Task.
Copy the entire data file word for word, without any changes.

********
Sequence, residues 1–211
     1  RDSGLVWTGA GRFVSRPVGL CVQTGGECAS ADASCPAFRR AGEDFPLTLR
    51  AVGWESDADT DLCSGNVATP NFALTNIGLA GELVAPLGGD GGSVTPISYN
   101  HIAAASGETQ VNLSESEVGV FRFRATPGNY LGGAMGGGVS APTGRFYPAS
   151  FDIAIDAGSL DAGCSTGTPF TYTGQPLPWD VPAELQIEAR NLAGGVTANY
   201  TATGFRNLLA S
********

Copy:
Sequence, residues 1–211
     1  RDSGLVWTGA GRFVSRPVGL CVQTGGECAS ADASCPAFRR AGEDFPLTLR
    51  AVGWESDADT DLCSGNVATP NFALTNIGLA GELVAPLGGD GGSVTPISYN
   101  HIAAASGETQ VNLSESEVGV FRFRATPGNY LGGAMGGGVS APTGRFYPAS
   151  FDIAIDAGSL DAGCSTGTPF TYTGQPLPWD VPAELQIEAR NLAGGVTANY
   201  TATGFRNLLA S